On my volunteer shift in the Emergency Room recently, I (along with many other staff members) overheard a heated discussion between a male patient and one of the charge nurses behind patient curtains. The patient was trying to clarify he wasn’t demanding a white nurse, but that he insisted on having an older female nurse. He did not want the black male nurse assigned to him. After the charge nurse explained his request would not be granted, he passionately responded that he wanted someone with more experience; to him, that implied an “older” nurse. The charge nurse assured him that his nurse had many years of experience. The patient assumed his nurse would be a woman because he thought all nurses were women. He argued he had been to the hospital numerous times and proclaimed, “I’ve never had a male nurse!” After some back and forth, the patient confessed he didn’t want a man handling his penis to insert a urinary catheter.
The whole interaction was interesting to me because I am an an older nursing student. When I become a new BSN grad, I will have relatively little experience but will be older than many new graduates. Age does not correlate to relevant work experience or skill-level. Many working nurses I encounter while volunteering may be younger than me, but have many more years of nursing experience. This patient erroneously believed an older nurse would automatically have more expertise in a common procedure than a young nurse.
The encounter was not only an example of ageism, but sexism. Yes, there seems to be more female nurses than male nurses. The patient was adamant that he never knew male nurses existed. The patient was an older man, so it’s quite possible his earlier experiences with nurses in a doctor’s office or hospitals were with female nurses. The demographics are changing, however, and quite frankly, I think that’s a good thing. We need healthcare professionals to be as diverse as the patients they serve. This patient needed a gentle reminder that experience, not gender, make nurses more skilled at procedures.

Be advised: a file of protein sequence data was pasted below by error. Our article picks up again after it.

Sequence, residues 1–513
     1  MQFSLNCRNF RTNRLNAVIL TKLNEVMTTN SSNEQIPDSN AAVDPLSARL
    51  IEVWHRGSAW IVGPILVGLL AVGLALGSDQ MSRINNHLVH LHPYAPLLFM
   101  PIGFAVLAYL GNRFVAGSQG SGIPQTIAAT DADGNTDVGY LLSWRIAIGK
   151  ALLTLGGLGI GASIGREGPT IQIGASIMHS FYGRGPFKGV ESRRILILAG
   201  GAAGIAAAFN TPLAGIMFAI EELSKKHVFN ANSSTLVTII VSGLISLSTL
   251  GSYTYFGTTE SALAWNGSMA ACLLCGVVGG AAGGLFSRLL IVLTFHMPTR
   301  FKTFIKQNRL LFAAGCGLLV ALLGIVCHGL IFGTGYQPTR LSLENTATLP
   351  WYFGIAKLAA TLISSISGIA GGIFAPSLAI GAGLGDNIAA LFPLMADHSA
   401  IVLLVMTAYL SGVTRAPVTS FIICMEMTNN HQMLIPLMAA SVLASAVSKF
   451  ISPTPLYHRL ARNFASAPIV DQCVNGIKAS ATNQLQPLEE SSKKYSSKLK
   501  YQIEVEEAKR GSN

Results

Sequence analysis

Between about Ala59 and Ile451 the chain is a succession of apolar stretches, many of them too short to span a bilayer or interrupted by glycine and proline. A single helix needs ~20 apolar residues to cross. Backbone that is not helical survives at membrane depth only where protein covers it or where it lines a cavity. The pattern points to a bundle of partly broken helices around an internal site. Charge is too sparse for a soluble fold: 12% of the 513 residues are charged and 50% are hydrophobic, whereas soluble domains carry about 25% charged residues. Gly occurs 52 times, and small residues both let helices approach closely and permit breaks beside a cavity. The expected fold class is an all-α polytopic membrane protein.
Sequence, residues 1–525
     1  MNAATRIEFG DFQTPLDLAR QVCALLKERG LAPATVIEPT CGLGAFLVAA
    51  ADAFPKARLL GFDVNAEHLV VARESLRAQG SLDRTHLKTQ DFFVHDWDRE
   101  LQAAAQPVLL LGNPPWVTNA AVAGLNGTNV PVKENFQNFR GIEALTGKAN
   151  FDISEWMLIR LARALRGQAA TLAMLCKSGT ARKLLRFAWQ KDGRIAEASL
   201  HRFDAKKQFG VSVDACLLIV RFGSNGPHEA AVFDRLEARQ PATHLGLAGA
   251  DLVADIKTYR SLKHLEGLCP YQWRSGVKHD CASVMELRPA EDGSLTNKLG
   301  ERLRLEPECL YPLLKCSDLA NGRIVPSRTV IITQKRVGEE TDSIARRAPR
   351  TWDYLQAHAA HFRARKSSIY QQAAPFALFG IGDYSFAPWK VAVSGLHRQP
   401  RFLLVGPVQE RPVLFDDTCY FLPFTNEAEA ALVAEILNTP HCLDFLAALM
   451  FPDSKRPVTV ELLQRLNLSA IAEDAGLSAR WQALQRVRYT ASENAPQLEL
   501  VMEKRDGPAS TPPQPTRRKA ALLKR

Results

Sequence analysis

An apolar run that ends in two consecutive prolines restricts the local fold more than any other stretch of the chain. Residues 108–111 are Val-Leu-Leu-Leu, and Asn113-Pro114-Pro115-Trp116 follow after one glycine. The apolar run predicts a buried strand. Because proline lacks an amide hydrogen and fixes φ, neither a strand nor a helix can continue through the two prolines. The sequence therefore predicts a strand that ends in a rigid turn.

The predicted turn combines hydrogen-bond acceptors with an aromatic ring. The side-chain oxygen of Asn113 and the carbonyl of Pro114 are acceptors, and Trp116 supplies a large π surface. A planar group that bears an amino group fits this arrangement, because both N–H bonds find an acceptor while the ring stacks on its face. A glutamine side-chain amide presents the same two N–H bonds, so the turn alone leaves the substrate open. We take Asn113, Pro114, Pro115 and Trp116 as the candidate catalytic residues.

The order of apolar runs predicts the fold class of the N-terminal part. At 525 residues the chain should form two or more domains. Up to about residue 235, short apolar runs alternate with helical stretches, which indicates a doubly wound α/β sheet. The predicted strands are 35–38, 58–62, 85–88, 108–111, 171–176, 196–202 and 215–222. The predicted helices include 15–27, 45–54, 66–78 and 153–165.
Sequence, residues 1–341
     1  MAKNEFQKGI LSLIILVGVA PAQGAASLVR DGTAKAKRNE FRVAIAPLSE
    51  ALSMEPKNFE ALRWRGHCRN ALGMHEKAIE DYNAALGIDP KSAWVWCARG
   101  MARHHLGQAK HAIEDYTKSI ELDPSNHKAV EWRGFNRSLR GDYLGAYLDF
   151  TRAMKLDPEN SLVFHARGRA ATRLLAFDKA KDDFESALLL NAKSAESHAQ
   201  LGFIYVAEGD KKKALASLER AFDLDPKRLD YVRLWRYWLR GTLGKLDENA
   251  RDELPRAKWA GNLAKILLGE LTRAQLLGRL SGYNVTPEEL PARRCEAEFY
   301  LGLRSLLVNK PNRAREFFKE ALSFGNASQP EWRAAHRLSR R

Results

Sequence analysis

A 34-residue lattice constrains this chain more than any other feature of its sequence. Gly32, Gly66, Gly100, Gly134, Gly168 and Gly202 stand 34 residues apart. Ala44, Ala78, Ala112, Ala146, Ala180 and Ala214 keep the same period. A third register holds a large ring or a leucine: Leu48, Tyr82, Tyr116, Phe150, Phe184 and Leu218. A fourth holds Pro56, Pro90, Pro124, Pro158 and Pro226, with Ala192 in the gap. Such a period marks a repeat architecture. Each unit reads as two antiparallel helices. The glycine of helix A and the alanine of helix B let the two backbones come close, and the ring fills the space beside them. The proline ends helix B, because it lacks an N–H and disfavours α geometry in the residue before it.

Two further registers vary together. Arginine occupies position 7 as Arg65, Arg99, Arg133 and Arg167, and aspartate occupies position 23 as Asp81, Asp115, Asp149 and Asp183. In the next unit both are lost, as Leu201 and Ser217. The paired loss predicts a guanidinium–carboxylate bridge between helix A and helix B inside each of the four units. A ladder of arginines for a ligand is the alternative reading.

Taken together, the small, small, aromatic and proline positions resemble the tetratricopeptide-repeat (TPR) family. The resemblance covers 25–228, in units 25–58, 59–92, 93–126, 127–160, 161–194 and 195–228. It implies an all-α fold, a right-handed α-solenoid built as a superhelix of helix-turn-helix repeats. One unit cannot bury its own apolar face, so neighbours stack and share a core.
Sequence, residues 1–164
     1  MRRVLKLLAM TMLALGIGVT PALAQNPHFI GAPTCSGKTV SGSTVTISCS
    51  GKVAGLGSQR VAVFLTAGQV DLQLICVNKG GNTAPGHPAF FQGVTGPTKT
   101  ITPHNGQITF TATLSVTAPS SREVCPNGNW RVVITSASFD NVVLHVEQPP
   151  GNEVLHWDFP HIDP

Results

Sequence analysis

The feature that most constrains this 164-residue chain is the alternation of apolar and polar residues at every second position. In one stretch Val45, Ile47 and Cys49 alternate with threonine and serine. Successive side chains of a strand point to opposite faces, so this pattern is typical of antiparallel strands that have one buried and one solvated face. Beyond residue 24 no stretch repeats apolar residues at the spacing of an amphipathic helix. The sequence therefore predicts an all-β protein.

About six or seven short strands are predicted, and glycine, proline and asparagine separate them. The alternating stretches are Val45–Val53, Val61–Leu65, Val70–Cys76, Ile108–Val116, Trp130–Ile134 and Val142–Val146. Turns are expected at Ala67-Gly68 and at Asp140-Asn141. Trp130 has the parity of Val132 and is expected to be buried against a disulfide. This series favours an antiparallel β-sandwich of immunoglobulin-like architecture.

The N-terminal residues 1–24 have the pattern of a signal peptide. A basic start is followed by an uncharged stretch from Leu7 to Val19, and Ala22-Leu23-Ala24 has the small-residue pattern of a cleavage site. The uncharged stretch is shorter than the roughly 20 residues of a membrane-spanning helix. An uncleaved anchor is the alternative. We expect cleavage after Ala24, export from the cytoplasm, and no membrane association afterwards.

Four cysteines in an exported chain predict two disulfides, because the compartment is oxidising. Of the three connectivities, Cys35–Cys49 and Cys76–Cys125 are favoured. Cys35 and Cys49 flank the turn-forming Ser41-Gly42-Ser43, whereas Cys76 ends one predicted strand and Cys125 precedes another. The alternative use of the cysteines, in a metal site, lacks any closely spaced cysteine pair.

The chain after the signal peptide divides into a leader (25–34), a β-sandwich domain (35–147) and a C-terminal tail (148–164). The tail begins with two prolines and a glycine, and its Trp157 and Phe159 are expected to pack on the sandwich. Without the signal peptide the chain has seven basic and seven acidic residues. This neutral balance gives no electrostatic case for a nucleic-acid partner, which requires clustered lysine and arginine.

The black male nurse eventually did what needed to be done for the patient. A while later, the man graciously reported to the charge nurse, “He did a great job!” The patient continued to loudly and excitedly share what a surprisingly wonderful experience he had with his nurse. The same staff that overheard the earlier conversation and I looked at each other and smiled in amusement. Happily, it was a great teaching moment for the patient, but also for myself.
I’ve read about patients getting discriminated against or experiencing implicit bias from their providers, but healthcare professionals also experience discrimination from their patients, and the interaction I witnessed was a reminder of that. I have yet to have a patient make discriminating remarks directed towards me, but I know that may happen one day. I’m not quite sure how I’ll react, and I wonder if I’ll learn anything about this in my ABSN program. I want my patients to have the best experience and outcomes possible, but does that mean I should ask to be removed from their case if they don’t like me and are therefore uncomfortable due to my race, age, gender, or orientation? In accommodating a prejudiced patient’s request, are we enabling discrimination or giving them better care by making them comfortable? It’s a complex issue.
Luckily, the interaction I witnessed de-escalated and had a good outcome. What if the patient became more hostile instead of agreeable? Would he have been assigned another nurse? What if the patient thought his nurse did a terrible job? Are there hospital policies for situations like this? I really respect the charge nurse and nurse in the situation, who remained professional and respectful throughout the whole interaction. For me, I learned how a nurse should respond to a prejudiced patient: Be respectful but firm, and assure the patient they are in good care. I hope to maintain my composure and act the same way, should I ever encounter a similar situation with a patient.